At this point, it’s important to note that Camera Uploads doesn’t sync with your camera in the typical bidirectional Dropbox file–synching way. Your photos will move only one direction: from camera to PC. If you edit or delete a picture on the PC, the changes will not be reflected inside your camera. That could be confusing over time, so it’s best to clean out your phone’s picture gallery every so often — after ensuring new photos are on your PC.
Keep in mind that the Camera Uploads folder will appear for any device on which you’ve installed Dropbox and you’re using the same account — including your camera.
Sharing the right photos the right way
Your photos are now moving to your PC (and possibly other devices with Dropbox installed) with no effort on your part. You can share them with friends and family just as easily by sharing the Camera Uploads folder on your computer. However, there are two good reasons you might not want to.
First, if you give other people access to your Camera Uploads folder, you lose some editorial power over which photos they see. You don’t really want everyone puzzling over that accidental snap of the kitchen floor you haven’t had time to delete — or worse, that particularly unflattering picture your spouse took of you down by the lake.
The safer solution: Drag the pictures you want to share into a separate, shared folder within the Dropbox folder. (Dropbox’s default Photos folder will do.) This takes a bit more effort, but it’s still easier than uploading them to Facebook or Flickr. What’s more, you’ll know that others will see only the best pictures — including those you’ve had time to crop and fix. (You can even include some older, favorite photos, as well.)
Second, you probably don’t want the folder shared in the Dropbox, file-synching sense of that word. If you use standard sharing, your friends and family will need their own Dropbox accounts to access your folder. Worse, your photo folder might take up precious space in their Dropbox accounts. And possibly even worse than that, those you share with will have the ability to alter the contents of your photo folder. Do you really want that?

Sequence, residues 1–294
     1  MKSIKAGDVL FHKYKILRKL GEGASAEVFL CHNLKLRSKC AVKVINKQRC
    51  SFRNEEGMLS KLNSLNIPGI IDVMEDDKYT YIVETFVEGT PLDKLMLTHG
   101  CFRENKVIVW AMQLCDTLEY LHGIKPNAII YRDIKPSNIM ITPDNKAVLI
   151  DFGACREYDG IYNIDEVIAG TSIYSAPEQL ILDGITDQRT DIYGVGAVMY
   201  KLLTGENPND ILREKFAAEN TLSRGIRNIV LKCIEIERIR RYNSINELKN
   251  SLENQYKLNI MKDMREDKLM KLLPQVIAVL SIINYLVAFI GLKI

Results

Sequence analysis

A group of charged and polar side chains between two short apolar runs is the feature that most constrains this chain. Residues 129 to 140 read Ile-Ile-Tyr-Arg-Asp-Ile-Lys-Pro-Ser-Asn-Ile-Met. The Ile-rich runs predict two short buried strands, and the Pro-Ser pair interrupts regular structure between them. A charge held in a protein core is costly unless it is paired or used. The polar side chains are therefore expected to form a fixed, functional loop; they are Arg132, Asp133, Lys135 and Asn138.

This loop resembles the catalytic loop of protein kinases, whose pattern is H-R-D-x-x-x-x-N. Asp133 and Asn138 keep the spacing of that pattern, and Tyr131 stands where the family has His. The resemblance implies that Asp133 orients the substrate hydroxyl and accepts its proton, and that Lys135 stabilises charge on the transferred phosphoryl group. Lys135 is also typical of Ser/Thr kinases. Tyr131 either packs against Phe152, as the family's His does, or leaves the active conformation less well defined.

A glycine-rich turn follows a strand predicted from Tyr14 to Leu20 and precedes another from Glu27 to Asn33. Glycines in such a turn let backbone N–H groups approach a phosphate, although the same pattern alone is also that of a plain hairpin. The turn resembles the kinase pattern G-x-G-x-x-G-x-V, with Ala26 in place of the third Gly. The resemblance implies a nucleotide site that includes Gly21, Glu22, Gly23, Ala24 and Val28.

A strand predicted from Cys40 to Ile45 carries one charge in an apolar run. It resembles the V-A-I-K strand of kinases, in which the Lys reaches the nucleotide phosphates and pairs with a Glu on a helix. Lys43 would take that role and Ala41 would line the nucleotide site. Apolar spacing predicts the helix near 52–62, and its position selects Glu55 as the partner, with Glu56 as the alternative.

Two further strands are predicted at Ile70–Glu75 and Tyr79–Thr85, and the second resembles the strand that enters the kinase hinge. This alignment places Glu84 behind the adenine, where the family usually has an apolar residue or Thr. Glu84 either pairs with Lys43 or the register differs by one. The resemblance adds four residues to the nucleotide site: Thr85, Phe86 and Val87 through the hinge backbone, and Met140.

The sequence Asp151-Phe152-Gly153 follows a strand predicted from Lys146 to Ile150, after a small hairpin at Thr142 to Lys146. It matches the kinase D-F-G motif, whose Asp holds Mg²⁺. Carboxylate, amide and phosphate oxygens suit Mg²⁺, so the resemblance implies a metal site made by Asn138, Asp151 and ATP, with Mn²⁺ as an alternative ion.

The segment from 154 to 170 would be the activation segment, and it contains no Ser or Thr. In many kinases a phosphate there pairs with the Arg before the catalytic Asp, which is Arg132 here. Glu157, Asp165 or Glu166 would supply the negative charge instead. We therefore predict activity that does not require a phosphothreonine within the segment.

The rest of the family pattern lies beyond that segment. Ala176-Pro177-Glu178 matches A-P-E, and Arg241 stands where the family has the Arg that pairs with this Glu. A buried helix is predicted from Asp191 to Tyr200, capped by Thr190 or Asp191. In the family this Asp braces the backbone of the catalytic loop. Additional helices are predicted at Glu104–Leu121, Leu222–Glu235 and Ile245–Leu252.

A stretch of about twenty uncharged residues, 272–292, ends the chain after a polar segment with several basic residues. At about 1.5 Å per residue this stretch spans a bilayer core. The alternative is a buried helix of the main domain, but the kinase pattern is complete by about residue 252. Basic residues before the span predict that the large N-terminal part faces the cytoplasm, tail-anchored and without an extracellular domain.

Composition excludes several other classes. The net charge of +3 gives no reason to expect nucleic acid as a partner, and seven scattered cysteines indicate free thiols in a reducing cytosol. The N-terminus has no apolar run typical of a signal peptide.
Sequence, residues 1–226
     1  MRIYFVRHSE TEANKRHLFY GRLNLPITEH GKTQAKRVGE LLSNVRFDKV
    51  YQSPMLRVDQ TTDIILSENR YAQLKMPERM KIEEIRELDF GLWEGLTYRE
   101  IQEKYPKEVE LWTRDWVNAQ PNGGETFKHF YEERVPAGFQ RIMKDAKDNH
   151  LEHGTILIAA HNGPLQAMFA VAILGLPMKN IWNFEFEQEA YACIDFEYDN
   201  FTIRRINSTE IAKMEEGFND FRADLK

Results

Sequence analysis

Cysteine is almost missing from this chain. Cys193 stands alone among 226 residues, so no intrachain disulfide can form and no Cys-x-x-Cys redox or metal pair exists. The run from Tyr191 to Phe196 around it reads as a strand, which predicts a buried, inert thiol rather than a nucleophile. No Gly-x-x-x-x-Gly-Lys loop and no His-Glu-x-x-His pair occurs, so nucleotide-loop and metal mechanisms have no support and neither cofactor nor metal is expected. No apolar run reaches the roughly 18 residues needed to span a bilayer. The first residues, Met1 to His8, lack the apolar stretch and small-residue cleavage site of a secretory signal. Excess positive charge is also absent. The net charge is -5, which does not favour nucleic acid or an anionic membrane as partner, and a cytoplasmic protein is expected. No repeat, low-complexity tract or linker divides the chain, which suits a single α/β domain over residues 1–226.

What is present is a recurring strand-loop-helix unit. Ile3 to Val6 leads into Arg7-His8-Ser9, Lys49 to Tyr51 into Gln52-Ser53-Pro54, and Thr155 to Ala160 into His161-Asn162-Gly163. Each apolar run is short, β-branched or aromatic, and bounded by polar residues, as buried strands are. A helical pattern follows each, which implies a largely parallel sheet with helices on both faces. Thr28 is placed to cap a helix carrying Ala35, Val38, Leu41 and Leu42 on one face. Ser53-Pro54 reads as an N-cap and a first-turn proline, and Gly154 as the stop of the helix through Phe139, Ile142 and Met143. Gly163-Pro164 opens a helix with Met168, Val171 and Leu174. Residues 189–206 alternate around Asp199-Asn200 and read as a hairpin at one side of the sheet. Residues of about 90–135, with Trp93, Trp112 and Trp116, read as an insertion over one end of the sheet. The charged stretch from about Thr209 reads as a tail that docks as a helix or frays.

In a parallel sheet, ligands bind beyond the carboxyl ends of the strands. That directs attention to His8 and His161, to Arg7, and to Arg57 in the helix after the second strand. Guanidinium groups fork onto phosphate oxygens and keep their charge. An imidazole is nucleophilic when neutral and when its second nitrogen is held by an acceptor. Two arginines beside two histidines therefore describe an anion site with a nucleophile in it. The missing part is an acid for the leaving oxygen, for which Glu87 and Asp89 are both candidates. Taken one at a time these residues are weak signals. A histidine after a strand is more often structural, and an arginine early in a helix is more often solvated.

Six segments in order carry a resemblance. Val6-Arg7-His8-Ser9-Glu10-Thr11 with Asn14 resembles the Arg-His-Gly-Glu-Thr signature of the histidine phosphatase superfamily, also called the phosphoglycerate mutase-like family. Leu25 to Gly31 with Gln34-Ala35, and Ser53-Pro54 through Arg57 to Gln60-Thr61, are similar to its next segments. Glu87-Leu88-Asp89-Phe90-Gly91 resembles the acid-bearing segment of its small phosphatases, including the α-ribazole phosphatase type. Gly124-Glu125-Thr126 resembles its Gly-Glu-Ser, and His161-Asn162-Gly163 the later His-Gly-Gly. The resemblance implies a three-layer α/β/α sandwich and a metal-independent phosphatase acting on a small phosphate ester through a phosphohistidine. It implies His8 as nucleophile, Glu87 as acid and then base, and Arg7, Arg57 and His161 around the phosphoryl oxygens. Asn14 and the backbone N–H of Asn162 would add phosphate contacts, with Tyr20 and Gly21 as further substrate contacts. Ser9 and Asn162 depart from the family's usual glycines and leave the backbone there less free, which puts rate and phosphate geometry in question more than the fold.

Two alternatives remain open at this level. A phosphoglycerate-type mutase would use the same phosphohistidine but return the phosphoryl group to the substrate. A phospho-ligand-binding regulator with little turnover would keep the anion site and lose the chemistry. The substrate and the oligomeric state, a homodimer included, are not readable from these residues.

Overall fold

Instead, create a shared link. This allows anybody to view your photos (and access other files) via the Web — all they need is the right URL. To see what link-sharing looks like from the recipient’s point of view, check out this collection of recent cat photos. (Unlike my human family, my cats don’t object to being publicly displayed. Besides, what’s cuter than a new kitten?)
To provide your friends and family with a similar experience (your images, not those of my cats), right-click the folder you want to share and select Dropbox/Share link (shown in Figure 3). This pops up a Web page of the photos, with a dialog box of sharing options. You can add names or e-mails and have Dropbox send invites. I suggest simply clicking Copy link to this page (see Figure 4) and pasting the URL into an e-mail. It’s more personal and actually easier. Thereafter, friends and family can use the same link to see new photos added to the folder.
Long-term photo maintenance
A few other touches will help with image sharing in the long run.
If you’re using Windows 7, make both of the photo folders (Camera Uploads and the one you’re sharing) part of Windows’ Pictures library. This will make the folders easier to load, and it will help photo programs such as Photo Gallery find them. To add a folder to the Pictures library, right-click the folder in Windows Explorer and select Include in library/Pictures.
If you’ve paid for additional storage on Dropbox, move all photos you’re willing to share with friends and family to a shared-link folder and just leave them there. With a free Dropbox account, you’ll probably have to prune the stored images every so often to keep within the limited storage space. This doesn’t mean deleting photos — just moving them out of the shared folder and back into your local My Pictures folder (outside of Dropbox).
Which reminds me: enjoy the cat pictures now. They’re going to disappear in a month or two.
Dropbox makes the easiest way to send photos